‘Sinovac, jabs still effective despite cases in Indonesia’

The Department of Health (DOH) has assured the public on Friday that COVID-19 vaccines are effective in preventing severe infection and hospitalization against the disease, after vaccinated health workers in Indonesia reportedly got infected.

In particular, the Chinese COVID-19 vaccine Sinovac – which the Indonesian health workers were inoculated with -- remains effective in preventing the severe symptoms or virus-related deaths, the DOH added.

Another DOH health expert said the more than 350 Indonesian medical workers may have caught COVID-19 despite being vaccinated because they have a higher risk of exposure to the virus due to their occupation.

Dr. Rontgene Solante, in an interview with Teleradyo, said the widespread presence of Delta coronavirus variant in Indonesia may have also caused the infection.

Health Undersecretary Maria Rosario Vergeire made the assurance and said real-world studies show that COVID-19 vaccines available in the Philippines are effective.

“Let’s get the vaccine, let us not be doubtful... Vaccines are one of the keys to fight the pandemic,” she said in a briefing.

On Monday, dozens of the 350 Indonesian health workers who got Sinovac were hospitalized.

However, Vergeire urged caution in interpreting the report.

“We cannot deny that there really are breakthrough infections,” she said, referring to COVID-19 cases after vaccination. “But we need to get all the data so we can analyze it thoroughly,” she said.

If Indonesia has 5,000 health workers, then 350 is just 7 percent, so the Sinovac jab is still 93 percent effective, Vergeire said. 

As of June 17, of the 14.2 million COVID-19 vaccine doses in the country, 9 million are from Sinovac.

The Philippines is also using COVID-19 jabs from AstraZeneca, Gamaleya and Pfizer.

The Delta coronavirus variant, first detected in India, is believed to be more infectious and likely to cause severe illness, Solante said.

The Indonesian workers “are at higher risk because they deal with COVID-19 everyday,” said the DOH infectious diseases specialist and member of the country’s vaccine expert panel.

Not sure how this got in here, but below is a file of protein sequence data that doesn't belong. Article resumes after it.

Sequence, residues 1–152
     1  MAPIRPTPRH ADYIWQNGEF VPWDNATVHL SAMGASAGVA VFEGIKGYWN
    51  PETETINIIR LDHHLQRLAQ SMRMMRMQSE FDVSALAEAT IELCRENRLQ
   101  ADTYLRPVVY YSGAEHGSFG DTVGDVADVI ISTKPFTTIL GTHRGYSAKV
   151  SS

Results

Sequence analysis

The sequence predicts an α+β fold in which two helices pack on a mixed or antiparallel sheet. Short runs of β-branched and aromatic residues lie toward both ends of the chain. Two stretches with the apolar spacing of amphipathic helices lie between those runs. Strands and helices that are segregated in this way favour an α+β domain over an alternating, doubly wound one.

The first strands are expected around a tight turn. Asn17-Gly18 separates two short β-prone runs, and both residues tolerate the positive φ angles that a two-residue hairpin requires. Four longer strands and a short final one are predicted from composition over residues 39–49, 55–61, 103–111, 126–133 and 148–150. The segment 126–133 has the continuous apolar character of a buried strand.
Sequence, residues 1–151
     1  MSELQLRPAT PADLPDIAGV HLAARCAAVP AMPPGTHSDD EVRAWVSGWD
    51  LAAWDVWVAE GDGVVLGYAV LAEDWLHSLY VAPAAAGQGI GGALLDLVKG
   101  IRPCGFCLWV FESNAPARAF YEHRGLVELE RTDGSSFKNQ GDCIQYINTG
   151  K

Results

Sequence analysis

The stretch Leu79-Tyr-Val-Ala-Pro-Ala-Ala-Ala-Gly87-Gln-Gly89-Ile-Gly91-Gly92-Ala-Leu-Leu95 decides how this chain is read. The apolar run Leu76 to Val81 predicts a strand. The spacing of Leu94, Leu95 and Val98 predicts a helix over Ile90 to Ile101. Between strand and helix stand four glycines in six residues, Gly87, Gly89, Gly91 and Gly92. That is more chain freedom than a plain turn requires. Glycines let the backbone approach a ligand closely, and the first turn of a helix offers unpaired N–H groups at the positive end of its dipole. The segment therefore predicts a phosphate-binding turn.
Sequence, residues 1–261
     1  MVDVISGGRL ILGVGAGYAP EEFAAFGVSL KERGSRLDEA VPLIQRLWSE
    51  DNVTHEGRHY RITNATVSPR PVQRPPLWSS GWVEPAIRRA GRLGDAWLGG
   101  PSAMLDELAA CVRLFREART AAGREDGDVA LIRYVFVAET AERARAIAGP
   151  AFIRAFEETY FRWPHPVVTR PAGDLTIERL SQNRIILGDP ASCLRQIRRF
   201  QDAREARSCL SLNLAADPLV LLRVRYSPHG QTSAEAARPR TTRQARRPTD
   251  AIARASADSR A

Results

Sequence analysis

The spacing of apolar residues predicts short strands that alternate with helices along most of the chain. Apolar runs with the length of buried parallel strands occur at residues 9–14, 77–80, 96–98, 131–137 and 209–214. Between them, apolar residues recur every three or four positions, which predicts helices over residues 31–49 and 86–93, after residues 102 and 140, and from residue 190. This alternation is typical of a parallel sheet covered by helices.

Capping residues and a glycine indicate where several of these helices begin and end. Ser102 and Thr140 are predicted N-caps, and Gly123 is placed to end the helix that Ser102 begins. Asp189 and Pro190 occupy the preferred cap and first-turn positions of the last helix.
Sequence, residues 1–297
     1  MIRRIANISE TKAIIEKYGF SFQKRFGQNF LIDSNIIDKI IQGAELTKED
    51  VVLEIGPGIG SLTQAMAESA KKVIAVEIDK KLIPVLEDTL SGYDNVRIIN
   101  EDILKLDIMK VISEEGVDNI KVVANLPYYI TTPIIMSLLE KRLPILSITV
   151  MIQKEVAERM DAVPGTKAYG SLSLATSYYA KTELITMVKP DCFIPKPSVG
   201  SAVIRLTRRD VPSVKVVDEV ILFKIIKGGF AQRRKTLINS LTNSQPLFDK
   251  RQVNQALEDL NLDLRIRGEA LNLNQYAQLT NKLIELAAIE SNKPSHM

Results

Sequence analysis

Reuters reported that most of the workers who tested positive were asymptomatic and only a few needed to be hospitalized.

Most of the workers were asymptomatic and self-isolating at home, said Badai Ismoyo, head of the health office in the district of Kudus in central Java.

However, dozens were in hospital with high fevers and falling oxygen-saturation levels.

Designated as a priority group, health-care workers were among the first to be vaccinated when inoculations began in January.

Almost all have received the COVID-19 vaccine developed by the Chinese biopharmaceutical company, the Indonesian Medical Association has said.

Despite getting COVID-19, Solante stressed that the patients were mostly asymptomatic.

“The vaccine still offers great benefit. Because of the vaccine, they didn’t have symptoms,” he said.

In June, the World Health Organization (WHO) approved Sinovac for emergency use listing.

An emergency listing from the UN’s health agency is a signal to national regulators of a product’s safety and efficacy and will allow the Sinovac shot to be included in COVAX, the global program providing vaccines mainly for poor countries.

According to results, the Sinovac vaccine prevented symptomatic disease in 51 percent of those vaccinated and prevented severe COVID-19 and hospitalization in 100 percent of the studied population, the WHO said.

Topics: Department of Health , COVID-19 , Sinovac , Indonesia , World Health Organization , Maria Rosario Vergeire
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